The Manila volunteer driver and the passenger with his last 200 pesos trying to get home
MANILA - The pandemic has upended daily life with a strict lockdown and curfew but people still need to get to work, others just need to get home. Straits Times sub-editor Jomar Kho Indanan volunteers as a driver for healthcare workers and other folk who need a lift to and from work. This is his blog post from last Saturday (April 4).. Read more at straitstimes.com.
CopyThe pandemic has upended daily life with a strict lockdown and curfew but people still need to get to work, others just need to get home. Straits Times sub-editor Jomar Kho Indanan volunteers as a driver for healthcare workers and other folk who need a lift to and from work. This is his blog post from last Saturday (April 4).
MANILA - This morning, in between fetching and dropping off frontliners to and from their hospital duties, I saw him shuffling on Mindanao Avenue near Trinoma. I had a few minutes to spare before my next pick-up, so I slowed down and asked him where he was going.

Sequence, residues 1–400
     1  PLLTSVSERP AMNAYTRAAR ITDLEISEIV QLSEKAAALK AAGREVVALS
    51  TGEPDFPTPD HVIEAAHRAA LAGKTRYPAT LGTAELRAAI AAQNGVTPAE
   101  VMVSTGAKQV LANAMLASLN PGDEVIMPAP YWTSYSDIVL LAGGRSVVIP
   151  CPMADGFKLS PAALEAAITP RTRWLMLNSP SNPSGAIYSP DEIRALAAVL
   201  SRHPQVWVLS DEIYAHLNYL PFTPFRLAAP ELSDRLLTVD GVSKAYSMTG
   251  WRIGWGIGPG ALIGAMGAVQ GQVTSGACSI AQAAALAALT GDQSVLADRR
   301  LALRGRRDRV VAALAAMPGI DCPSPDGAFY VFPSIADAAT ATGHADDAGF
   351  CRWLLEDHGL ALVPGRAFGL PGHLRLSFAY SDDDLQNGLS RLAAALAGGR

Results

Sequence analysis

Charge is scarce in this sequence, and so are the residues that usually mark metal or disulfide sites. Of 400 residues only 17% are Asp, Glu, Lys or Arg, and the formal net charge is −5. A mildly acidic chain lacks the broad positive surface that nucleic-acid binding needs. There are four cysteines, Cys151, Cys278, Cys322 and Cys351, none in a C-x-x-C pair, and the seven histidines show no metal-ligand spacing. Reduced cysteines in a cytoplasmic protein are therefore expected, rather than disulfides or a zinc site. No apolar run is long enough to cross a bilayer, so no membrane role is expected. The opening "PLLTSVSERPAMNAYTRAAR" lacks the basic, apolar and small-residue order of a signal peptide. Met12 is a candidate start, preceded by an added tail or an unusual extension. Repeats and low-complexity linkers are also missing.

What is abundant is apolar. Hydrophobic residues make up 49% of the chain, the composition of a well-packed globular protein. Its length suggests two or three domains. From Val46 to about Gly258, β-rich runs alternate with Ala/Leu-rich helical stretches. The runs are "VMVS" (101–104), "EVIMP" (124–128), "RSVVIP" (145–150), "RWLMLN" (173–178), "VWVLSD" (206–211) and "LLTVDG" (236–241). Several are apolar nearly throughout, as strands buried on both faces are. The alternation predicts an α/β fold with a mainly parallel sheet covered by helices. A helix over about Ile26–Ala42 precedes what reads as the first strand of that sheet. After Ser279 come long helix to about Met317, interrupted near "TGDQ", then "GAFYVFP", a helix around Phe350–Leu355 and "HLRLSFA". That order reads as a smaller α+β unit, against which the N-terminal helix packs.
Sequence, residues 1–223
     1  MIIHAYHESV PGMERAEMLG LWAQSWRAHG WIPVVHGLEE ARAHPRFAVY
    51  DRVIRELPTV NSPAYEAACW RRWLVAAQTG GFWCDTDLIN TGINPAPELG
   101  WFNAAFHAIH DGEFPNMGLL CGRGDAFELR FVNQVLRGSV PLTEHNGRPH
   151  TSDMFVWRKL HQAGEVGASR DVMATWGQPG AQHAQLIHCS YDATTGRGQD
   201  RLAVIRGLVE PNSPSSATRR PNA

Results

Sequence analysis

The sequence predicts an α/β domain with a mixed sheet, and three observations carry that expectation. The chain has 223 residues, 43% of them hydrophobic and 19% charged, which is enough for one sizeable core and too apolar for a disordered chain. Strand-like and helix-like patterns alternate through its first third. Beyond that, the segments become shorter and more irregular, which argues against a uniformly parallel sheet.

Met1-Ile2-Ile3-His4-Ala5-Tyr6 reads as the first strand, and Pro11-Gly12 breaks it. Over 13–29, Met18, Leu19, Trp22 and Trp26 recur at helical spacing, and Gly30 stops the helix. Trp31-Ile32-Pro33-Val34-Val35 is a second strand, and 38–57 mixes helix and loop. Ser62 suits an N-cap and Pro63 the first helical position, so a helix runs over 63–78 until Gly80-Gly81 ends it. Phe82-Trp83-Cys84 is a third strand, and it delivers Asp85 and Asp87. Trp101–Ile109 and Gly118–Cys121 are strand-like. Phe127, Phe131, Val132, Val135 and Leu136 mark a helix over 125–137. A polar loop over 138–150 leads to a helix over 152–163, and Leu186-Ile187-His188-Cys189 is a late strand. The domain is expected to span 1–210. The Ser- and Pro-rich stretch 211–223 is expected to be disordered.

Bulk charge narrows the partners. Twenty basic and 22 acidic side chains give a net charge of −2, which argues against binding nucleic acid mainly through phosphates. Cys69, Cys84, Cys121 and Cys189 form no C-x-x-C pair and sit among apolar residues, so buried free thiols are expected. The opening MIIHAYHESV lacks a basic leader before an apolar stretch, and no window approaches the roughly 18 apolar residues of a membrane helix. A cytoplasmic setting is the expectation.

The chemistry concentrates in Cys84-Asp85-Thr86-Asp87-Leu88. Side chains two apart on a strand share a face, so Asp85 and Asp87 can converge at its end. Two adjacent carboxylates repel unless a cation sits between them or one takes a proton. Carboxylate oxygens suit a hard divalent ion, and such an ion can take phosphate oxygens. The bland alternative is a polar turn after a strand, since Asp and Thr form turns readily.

"Novaliches."I told him to hop in and I would take him as close to his destination as I could in the pocket of time that I had.Turns out he does elevator maintenance work for Okada, but on a no-work, no-pay basis. The lockdown caught him at his lodgings on Coastal Road - out of work, dwindling money and no way to get home to his two kids in Novaliches ( his wife was stranded in Butuan in the south).
Last night he was on a video call with his kids aged 12 and 10. They were crying:"Uwi ka na, Tay." (Come home, dad.)So he decided to walk that night, with nothing but his frayed backpack and the last 200 pesos (S$5.60) in his pocket.He managed to get to Edsa a little past midnight, but his legs had given up and he slept outside Megamall. Half an hour later he was walking again, hitched a ride up to Quezon Ave in a hospital van and by 6am he was turning into the street where our paths crossed.
He said I could drop him off anywhere,"because I live much further away, in Bagumbong. It's way past Novaliches. You can drop me off at the next stoplight."I didn't have the cold heart to do that so I drove him all the way to his barangay, over his protestations:"So what now? You don't have a job anymore?Read more: The Straits Times »
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